Rachel Sumeray has worked as a nuclear engineer and a physics teacher and now looks to move into educational policy.

Can you tell me a little about your studies at Imperial?

"The first year was a common year of study for all the engineering courses, however as the degree progressed each year, you were able to select more of the options you were particularly interested in. I remember there being a lot of choice on topics, as mechanical engineering is a broad subject. By the end of the course we’d all found our preferred specialities – consequently I found my final year was my favourite because I was focused on the areas I most enjoyed."

What is your fondest memory of your time at Imperial?

"Renting and living in halls in the first year was a highlight - it was really easy to meet people and socialize and there was no commute. I know some of the people who weren’t in halls in that important year, didn’t always find it so easy.

The great thing about Imperial is you are always interacting with people that are scientists and engineers too, so you’re already on the same wavelength as those students around you.

As proof of that strong connection, a big group of us have still kept in touch and we had a reunion recently, with friends returning to London from all over the globe- 25 years have flashed by!"

What jobs have you done since graduation?

"In my final year I studied nuclear engineering as a topic, and I found that exciting, so my first role was in an engineering consultancy where I worked as a nuclear engineer in safely and risk analysis. I then managed engineering projects for the global company Atkins, and subsequently became a self-employed consultant. You have quite a lot of control as a consultant as you pick your hours - and it pays very well."

Can you give some details of the sorts of activities involved?

"Working as part of a team, I would help put together a safety assessment for a particular infrastructure. For example, if I had a project regarding a nuclear power station in the UK I would stay there at the power station for some time collecting information and subsequently put together reports and submit them to the Safety Standards body.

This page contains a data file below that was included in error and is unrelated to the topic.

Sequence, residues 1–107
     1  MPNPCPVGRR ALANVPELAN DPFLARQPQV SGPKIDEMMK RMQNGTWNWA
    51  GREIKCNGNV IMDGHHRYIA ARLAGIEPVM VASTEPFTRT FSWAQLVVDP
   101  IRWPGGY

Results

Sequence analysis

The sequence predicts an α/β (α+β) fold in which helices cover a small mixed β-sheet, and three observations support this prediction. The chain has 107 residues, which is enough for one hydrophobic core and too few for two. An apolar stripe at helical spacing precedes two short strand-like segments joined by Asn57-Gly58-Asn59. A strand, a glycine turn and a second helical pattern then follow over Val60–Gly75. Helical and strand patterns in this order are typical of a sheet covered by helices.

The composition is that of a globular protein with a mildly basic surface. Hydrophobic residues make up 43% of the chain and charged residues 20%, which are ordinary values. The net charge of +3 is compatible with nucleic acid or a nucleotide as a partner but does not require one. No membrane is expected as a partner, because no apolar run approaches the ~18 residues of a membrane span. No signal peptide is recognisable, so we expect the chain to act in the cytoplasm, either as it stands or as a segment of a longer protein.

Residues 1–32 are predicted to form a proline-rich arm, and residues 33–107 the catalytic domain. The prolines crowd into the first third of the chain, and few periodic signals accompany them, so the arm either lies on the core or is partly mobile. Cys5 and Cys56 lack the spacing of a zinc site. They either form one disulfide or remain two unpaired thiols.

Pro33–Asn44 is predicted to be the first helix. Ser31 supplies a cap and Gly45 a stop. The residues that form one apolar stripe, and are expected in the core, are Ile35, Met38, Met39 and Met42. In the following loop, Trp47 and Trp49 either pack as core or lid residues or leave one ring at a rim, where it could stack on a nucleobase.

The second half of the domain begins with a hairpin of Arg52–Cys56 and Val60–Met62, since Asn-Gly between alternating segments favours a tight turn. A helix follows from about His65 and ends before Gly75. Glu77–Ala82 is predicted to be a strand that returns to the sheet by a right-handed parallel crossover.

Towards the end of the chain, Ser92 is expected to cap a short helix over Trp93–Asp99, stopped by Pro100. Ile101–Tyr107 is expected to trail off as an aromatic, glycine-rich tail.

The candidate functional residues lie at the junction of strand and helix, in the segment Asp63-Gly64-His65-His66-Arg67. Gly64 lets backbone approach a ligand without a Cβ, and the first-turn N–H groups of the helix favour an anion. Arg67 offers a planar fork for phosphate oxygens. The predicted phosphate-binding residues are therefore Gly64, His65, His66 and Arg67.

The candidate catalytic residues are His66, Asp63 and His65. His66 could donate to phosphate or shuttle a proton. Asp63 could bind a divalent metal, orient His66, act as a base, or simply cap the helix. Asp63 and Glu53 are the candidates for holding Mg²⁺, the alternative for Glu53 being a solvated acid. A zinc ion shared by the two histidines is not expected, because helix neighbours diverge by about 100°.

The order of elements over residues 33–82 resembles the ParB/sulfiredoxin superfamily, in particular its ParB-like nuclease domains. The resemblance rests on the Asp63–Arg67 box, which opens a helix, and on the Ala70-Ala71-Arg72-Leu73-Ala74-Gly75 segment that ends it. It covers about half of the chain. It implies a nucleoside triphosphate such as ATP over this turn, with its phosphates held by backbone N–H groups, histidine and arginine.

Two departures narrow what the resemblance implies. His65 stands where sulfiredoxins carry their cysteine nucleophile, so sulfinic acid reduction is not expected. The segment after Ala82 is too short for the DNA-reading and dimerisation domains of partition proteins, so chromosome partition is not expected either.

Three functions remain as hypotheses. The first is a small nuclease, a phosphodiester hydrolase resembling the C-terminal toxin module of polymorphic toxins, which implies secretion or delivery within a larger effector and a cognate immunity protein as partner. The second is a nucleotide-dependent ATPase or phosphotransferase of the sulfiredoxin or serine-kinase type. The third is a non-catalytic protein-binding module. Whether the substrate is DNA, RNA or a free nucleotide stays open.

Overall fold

In my ten years I think I went round most of the nuclear reactors in Britain. My highlight was a stay at a nuclear reactor in Switzerland. Engineering consultancy is a very interesting industry, provided you’re prepared to get out of the office and work on site.

Unfortunately there are not enough graduate engineers coming into industry, so after 12 years I decided to change my career path and to teach senior school science. I wanted to inspire the next generation, as it were, and I’ve been doing that up to recently."

How has what you learnt at Imperial helped you in your career so far?

"The course required hard work and a determined attitude, and that has stayed with me. In the workplace a degree from Imperial College opens doors and as it is so well thought of, most avenues of career are subsequently open to you."

What are your plans for the future?

 "I am doing a Master’s degree in educational policy; why we teach what we teach and how to reduce the gap between those who have and those who have not. I’ve taught in private and state schools and the differences are intriguing, so I am really interested as to the effect that has on social mobility.

Following this, I would like to go on to work for the government or in policy making for education. Obviously I’ve got a soft spot for STEM subjects, and I’d like to get involved in the science curricula. The one thing that shocked me about being a physics teacher is going back into the classroom and finding that the subject taught hasn’t changed much in twenty-five years."

What are you most proud of in your life?

"I have had the confidence to follow the projects and occupations that I enjoy, rather than thinking that I have to stay with my first career choice. I think that’s the key, you’ve got to be interested in what you do, and have the confidence to change direction during your career."